Reading the beautiful, spare and emotionally compelling book, Indian Horse, written by the late Richard Wagamese, was my point of entry to understanding the legacy of residential schools. I appreciate that about fiction – you’re so immersed in the character’s world, you lose your grip on the things that distance you from other people’s suffering, their stories. And then, with your imagination awakened, you can actually be transformed.
Films are probably more impactful – although as a book-advocate, I’d argue that the time you spend in a book might allow it to seep more profoundly into your psychology.
Still, there’s no playbook for what to do, when you walk out of the cinema or put the book down, to assimilate that shift into your actions, your relationships, your daily life.
That’s why I appreciate Sara Jennings initiative, to invite people to see the screening of Indian Horse in Whistler, and then gather together afterwards to eat and discuss it, so much.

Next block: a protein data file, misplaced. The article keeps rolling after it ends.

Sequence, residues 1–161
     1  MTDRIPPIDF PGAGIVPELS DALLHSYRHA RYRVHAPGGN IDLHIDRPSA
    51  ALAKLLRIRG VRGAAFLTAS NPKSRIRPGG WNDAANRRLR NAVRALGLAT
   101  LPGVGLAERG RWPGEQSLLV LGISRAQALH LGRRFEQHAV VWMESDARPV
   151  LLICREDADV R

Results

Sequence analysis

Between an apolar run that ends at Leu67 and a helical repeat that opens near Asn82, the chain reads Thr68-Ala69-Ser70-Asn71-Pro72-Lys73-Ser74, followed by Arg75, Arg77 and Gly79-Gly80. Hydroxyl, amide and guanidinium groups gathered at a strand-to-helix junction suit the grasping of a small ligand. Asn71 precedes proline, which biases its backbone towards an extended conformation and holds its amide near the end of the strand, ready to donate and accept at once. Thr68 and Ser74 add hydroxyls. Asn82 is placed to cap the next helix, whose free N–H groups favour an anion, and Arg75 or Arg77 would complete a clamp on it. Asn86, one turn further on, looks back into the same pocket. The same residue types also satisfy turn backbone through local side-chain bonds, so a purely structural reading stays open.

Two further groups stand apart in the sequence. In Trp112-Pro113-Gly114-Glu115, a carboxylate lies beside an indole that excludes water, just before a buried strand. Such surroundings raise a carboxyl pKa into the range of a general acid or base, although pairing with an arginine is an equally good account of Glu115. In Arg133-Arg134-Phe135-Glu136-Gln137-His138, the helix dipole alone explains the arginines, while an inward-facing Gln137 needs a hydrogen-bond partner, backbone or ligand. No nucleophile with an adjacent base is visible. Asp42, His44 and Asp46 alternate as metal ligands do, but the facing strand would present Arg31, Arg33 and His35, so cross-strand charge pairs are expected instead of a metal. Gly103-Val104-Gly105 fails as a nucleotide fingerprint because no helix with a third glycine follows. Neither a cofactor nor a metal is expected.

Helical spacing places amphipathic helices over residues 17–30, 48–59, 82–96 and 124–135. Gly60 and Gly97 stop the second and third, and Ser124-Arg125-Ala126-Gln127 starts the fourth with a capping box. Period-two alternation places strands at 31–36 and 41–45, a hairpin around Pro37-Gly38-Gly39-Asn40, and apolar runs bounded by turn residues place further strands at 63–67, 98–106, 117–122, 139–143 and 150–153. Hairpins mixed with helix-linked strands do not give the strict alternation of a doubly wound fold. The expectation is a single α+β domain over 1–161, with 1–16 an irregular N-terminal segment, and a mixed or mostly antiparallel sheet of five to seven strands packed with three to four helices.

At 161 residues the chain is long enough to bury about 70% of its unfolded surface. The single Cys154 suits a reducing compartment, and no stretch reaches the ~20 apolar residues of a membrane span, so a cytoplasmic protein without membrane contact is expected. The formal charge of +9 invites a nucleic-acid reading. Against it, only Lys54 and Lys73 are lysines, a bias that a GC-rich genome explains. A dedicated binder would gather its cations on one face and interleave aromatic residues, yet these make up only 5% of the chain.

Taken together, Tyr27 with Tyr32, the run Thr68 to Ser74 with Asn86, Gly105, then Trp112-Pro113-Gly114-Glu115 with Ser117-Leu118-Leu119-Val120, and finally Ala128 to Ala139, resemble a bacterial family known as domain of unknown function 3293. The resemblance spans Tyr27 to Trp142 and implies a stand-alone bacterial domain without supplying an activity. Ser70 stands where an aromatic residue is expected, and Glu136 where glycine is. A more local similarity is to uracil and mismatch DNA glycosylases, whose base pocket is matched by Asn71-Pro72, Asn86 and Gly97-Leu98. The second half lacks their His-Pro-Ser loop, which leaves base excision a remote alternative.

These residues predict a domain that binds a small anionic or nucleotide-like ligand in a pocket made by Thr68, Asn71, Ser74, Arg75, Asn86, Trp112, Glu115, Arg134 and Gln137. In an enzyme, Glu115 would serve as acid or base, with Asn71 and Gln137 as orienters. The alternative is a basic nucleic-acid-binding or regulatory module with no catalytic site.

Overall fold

Gather by the Claw Machine (the thing where you try and win a stuffed animal) at the Whistler Village 8 Cinemas at 3:50pm, on Sunday, April 22.
Movie showing – 4pm
Dinner/Discussion – immediately after the film at Three Below Restaurant (located in the theatre).
Says Jennings: “I am hoping this will provide an opportunity for those that are non-indigenous (like myself) to learn about some of the history in Canada and how that still impacts indigenous communities today. Indigenous folks welcome as well of course 🙂 And please, please share this with your friends. The more people the better – it is an important topic that non-indigenous folks need to learn more about.”
Jennings is also working with others to bring a private screening to Mount Currie in June. That session will be primarily for indigenous folks.